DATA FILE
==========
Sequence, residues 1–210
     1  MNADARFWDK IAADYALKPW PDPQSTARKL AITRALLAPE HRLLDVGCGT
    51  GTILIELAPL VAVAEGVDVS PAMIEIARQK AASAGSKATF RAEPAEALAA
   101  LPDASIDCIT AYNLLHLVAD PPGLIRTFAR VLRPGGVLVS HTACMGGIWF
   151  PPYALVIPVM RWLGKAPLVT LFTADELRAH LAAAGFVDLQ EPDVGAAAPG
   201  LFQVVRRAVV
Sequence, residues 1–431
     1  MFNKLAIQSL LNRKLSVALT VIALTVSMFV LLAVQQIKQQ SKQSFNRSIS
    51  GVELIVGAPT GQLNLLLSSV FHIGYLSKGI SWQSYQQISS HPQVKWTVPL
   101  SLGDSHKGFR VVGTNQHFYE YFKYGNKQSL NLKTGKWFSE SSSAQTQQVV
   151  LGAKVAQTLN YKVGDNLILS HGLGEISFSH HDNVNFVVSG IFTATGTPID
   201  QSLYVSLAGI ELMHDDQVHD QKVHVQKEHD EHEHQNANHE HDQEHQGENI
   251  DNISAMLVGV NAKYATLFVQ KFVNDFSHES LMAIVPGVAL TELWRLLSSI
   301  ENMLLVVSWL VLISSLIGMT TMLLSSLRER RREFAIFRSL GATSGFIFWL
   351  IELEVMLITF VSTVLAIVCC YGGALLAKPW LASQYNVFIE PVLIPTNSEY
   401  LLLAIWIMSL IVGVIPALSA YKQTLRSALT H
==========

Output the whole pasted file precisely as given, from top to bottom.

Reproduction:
Sequence, residues 1–210
     1  MNADARFWDK IAADYALKPW PDPQSTARKL AITRALLAPE HRLLDVGCGT
    51  GTILIELAPL VAVAEGVDVS PAMIEIARQK AASAGSKATF RAEPAEALAA
   101  LPDASIDCIT AYNLLHLVAD PPGLIRTFAR VLRPGGVLVS HTACMGGIWF
   151  PPYALVIPVM RWLGKAPLVT LFTADELRAH LAAAGFVDLQ EPDVGAAAPG
   201  LFQVVRRAVV
Sequence, residues 1–431
     1  MFNKLAIQSL LNRKLSVALT VIALTVSMFV LLAVQQIKQQ SKQSFNRSIS
    51  GVELIVGAPT GQLNLLLSSV FHIGYLSKGI SWQSYQQISS HPQVKWTVPL
   101  SLGDSHKGFR VVGTNQHFYE YFKYGNKQSL NLKTGKWFSE SSSAQTQQVV
   151  LGAKVAQTLN YKVGDNLILS HGLGEISFSH HDNVNFVVSG IFTATGTPID
   201  QSLYVSLAGI ELMHDDQVHD QKVHVQKEHD EHEHQNANHE HDQEHQGENI
   251  DNISAMLVGV NAKYATLFVQ KFVNDFSHES LMAIVPGVAL TELWRLLSSI
   301  ENMLLVVSWL VLISSLIGMT TMLLSSLRER RREFAIFRSL GATSGFIFWL
   351  IELEVMLITF VSTVLAIVCC YGGALLAKPW LASQYNVFIE PVLIPTNSEY
   401  LLLAIWIMSL IVGVIPALSA YKQTLRSALT H